PARK INN closed as of August 2010
Another long established Madeley pub, the Park Inn stands at the junction of Park Street, Park Avenue and Ironbridge Road. In 1861 the licensee was 61 year old George Oswell, who according to the Madeley Parish Register was born in Broseley. Married to Susannah, 52, originally from Gloucester, they had two daughters: Mary, 16, who was unemployed at the time, and Jane Evans, 30, who was married to a china painter.
A happy scene at the Park Inn in 1945, with local children enjoying a party to celebrate VE Day.
Click the photo to enlarge.
The two girls on the left are Jeanette Ward and Annette Rodgers, the lads across the back are: ?, ?, ?, ? Workman, ?, ?, ?, John Evans, ?, John Oliver, Alan Heighway, Ron Yates, ?. The girls front right are (from the front) Gwen Dallow, Jean Barker, Janet Yates, Iris Workman and Eileen Brunt.
The landlord in 1874, John Tranter, was also a coal merchant, the present day beer garden was probably his coal yard.
Francis Ibbotson, the licensee in 1888, brewed his own beer in a brewhouse to the rear of the pub, parts of which can still be seen today.
The pub’s old bowling green, like that of so many other Madeley pubs, has made way for the present day car park.
In 1970 a reporter from a local paper ‘The Telford Observer’ visited the inn, and interviewed the then landlord William (‘Enoch’) Tristham and his wife Phyllis. In the ten years that the couple had then been ‘mine hosts’ at the Park Inn about £1,000 had been raised for the benefit of old folk in the area. In the year of the reporter’s visit enough had been raised to take a party of 140, including the members of Madeley Rest Room, on a trip to the zoo at Chester. Mr Tristham said that his pub had taken over the Madeley Old Folks Welfare Fund from the nearby ‘Commercial Inn’ in Park Avenue, on its demolition in 1970. The fund’s main organiser between 1945 and 1970 was Mr James Ball of Madeley Wood. He took the job on first at The Beacon, when Mr Scott was there, and then carried on for about 17 years at The Commercial. Towards Christmas the old people in the area received gifts of money from the fund to supplement their festive spending.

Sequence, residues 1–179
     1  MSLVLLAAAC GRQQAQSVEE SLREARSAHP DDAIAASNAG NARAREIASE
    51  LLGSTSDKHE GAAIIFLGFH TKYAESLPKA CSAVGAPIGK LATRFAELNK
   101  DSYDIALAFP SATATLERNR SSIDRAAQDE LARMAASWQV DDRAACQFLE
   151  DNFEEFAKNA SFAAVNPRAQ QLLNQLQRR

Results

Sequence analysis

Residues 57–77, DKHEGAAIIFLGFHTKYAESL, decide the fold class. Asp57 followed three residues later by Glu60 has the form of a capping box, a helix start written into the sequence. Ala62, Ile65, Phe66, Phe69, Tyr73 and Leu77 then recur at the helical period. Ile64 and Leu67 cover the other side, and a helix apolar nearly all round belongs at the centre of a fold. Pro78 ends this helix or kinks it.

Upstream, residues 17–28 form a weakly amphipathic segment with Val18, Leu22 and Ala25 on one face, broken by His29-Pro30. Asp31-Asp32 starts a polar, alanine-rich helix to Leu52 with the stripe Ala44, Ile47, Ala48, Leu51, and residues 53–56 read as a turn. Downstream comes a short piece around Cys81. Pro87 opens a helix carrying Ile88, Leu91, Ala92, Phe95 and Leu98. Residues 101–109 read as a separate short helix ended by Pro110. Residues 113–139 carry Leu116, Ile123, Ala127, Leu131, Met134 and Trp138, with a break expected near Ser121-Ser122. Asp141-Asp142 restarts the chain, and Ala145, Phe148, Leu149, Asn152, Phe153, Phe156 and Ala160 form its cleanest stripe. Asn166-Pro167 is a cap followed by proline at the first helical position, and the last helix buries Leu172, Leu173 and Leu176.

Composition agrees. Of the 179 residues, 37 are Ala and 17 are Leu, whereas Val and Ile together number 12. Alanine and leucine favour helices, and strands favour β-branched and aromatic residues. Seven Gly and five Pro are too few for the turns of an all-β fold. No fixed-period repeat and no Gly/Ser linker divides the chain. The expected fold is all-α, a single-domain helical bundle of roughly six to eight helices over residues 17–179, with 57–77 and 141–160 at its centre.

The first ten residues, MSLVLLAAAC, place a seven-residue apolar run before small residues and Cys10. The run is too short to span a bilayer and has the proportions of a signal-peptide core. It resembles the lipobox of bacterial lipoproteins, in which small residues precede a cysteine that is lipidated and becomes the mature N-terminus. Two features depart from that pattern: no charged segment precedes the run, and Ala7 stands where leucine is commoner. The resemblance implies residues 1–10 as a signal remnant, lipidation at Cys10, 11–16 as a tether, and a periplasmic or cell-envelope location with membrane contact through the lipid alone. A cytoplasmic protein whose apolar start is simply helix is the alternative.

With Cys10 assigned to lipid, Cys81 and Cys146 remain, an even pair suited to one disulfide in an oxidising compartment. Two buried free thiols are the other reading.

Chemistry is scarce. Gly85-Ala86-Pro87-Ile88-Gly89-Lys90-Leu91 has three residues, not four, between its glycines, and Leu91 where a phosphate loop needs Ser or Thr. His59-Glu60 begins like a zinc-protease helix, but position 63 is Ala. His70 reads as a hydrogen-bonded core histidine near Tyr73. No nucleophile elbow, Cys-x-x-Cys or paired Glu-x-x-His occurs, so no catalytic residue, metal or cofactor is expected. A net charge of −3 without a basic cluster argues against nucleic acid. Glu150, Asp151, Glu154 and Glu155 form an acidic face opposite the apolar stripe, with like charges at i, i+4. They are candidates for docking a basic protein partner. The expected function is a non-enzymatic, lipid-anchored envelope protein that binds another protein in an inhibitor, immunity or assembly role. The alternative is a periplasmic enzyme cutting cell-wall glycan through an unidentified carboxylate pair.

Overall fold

Mr Tristham told the reporter that he did not know how old the inn was, but recalled being taken there as a boy by his father, who was a miner – “it was a big calling place for miners in the early 1920’s” he said.
The Park Inn re-opened in 1983 after a 3 month, £70,000 renovation by brewers Mitchells and Butlers, converting it from a one bar pub to a two bar Victorian-style hostelry, with modern catering facilities. The late Norman Walton was the new landlord, although by the time of his untimely death in 1993 he had moved to the Royal Oak in High Street. Norman’s funeral in St Michael’s Church was one of the largest ever seen in Madeley, with the service relayed outside to mourners who could not fit inside.
[Update September 2016 – the building has now been demolished and the site is vacant].
1901: Park Inn
Owner: WY & E Owen, Ironbridge. Occupier and Manageress, Henrietta Gough
Value: £27 5s
Rooms: 6 rooms up and 5 rooms down
Proceedings: July 15, 1890. Permitting drunkenness – fined 5s and costs of 23s 6d.
Stabling: 4 horses
Condition: Good, no urinal
Proximity to other licensed houses: 170 yards
Proximity to other dwellings: Surrounded
Position of house with regard to Police: Good
PHEASANT Closed as of August 2010
On Coalport Road, formerly Dabley Lane. Included in Borough Council list of ‘buildings of local interest’. First licensed in 1846.
Whitmore Jones, who was licensee in 1871, was also a dealer in hides.
PRINCE OF WALES / QUEEN STREET Closed
Junction of Legges Way and Queen Street. Demolished late 1960s to make way for Madeley roundabout. First licensed in 1841.
Daniel Adams kept the pub between 1863 and 1908 and was also a barge owner, corn dealer and land owner.
His daughter Louisa, who took over the licence, drove one of the first cars in Madeley.